What is behind of the attraction between a burned matchstick with a magnet?

I do not know how to understand the reasons of why a burned matchstick is attracted by a magnet (most probably) of Neodymium.

Here are some screenshots of a video in which this natural phenomenon is presented:

(In the video, see at 1 min 25 s):

• Why off topic? There is clearly some chemistry going on. Likely to be some iron oxide as a dye which is reduced to iron upon combustion. probably need a good magnet, and I suspect not all matches will behave in this way. – long May 2 '17 at 4:10
• Don't think anything will be reduced on the match tip except the potassium chlorate. The heat and access to air will probably promote oxidation, not reduction of a species as noble as iron. If stackexchange allowed guesses, I would answer with something involving the antimon oxide residue and thermal magnetisation. +1 to the question, totally derailed me from work. – Stian Yttervik May 3 '17 at 11:49
• Are you sure the video is not a fake? Camera trick? Modified matches containing iron? – Kartik May 4 '17 at 5:15
• The only thing that I can identify is that the magnet is of Neodymium – Another.Chemist May 4 '17 at 5:18
• @StianYttervik Generally increased temperature should lead to less magnetism... – Zhe May 4 '17 at 14:57

Some matchstick heads contain iron(III) oxide as a colorant.

The yellowish color of the burning match indicates that it has low oxygen, i.e. a reducing flame. It reduces the iron oxide to iron which is attracted by the magnet.

The reduction reactions that occur are probably quite complex. Below are two simplified possible reaction equations. $\ce{(CH2)_n}$ in equation (2) stands for paraffin from the splint's impregnation.

$$\ce{Fe2O3 + 3 CO -> 2 Fe + 3 CO2} \tag{1}$$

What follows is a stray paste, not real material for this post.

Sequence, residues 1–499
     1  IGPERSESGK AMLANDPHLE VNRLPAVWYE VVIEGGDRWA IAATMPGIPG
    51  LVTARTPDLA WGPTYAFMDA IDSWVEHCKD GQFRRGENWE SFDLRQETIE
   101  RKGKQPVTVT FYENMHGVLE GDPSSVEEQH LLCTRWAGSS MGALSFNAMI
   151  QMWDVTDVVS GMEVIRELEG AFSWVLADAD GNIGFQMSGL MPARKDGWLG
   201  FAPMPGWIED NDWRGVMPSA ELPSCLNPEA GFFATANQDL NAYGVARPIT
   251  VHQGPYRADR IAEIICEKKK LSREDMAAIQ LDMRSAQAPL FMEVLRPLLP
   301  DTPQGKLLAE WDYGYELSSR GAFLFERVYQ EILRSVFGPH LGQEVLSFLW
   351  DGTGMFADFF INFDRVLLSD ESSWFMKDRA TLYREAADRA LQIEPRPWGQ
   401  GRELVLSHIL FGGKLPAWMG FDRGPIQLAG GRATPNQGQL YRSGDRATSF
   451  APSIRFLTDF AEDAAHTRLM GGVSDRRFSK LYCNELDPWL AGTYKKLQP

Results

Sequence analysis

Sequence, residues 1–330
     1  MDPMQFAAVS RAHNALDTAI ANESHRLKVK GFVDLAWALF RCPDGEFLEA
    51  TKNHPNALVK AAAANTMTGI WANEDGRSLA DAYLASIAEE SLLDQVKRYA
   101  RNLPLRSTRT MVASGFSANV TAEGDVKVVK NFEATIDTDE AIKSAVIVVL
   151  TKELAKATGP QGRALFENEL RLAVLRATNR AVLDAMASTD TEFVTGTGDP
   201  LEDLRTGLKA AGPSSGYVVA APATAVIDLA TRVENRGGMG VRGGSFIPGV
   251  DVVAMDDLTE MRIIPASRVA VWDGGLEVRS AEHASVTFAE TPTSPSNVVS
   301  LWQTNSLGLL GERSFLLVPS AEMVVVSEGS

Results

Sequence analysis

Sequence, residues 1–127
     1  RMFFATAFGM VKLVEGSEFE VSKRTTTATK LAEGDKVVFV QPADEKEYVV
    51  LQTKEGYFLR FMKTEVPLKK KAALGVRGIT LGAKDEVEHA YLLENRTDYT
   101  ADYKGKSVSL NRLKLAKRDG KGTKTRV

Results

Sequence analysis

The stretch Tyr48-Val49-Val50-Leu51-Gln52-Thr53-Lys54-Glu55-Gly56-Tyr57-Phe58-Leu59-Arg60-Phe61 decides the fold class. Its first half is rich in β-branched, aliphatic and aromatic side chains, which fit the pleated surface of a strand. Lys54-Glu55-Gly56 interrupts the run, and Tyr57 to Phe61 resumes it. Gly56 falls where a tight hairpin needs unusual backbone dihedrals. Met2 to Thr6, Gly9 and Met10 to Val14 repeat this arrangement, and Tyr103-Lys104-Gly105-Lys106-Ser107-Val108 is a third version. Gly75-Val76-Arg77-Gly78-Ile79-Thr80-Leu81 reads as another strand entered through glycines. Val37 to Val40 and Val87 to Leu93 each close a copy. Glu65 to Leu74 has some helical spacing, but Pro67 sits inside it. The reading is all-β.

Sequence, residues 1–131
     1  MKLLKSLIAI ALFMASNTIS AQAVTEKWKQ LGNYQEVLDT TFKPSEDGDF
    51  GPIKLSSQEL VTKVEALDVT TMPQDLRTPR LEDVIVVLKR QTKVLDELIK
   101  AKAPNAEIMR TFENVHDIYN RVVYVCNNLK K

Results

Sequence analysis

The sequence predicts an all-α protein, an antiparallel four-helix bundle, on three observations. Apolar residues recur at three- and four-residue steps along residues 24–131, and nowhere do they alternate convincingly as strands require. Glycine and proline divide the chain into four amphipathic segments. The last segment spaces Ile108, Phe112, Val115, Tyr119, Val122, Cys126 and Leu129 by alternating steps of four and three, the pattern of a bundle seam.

$$\ce{Fe2O3 + \frac{1}{n} (CH2)_n -> 2 Fe + CO2 + H2O} \tag{2}$$

• When you burn things you are oxidizing them not reducing them, right? Of course it's more complex than that. What we need to see in a full answer is how the flame has reducing and oxidizing regions, and where athend how the iron oxide gets reduced to get that iron which is attracted to the magnet. – Oscar Lanzi May 4 '17 at 19:32
• Initially I was somewhat uncomfortable, the reason is that the links are hiding additional information. – mykhal May 4 '17 at 19:38
• Can we get a summary of the key information in the links? For instance, "as seen here [link], a typical flame has both a fuel-rich reducing flame and an air-rich oxidizing flame, therefore the reducing flame will [insert its reaction with the iron (III) oxide]." That shows the logic up front without making the user chase down links. Common courtesy, IMHO. – Oscar Lanzi May 4 '17 at 19:50
• The reduction of iron oxide to iron involves many reactions, especially in the case with matchsticks where wood, paraffin, and different chemicals are involved. Added to simplified equations and hope they give hints what's going on. – aventurin May 4 '17 at 20:30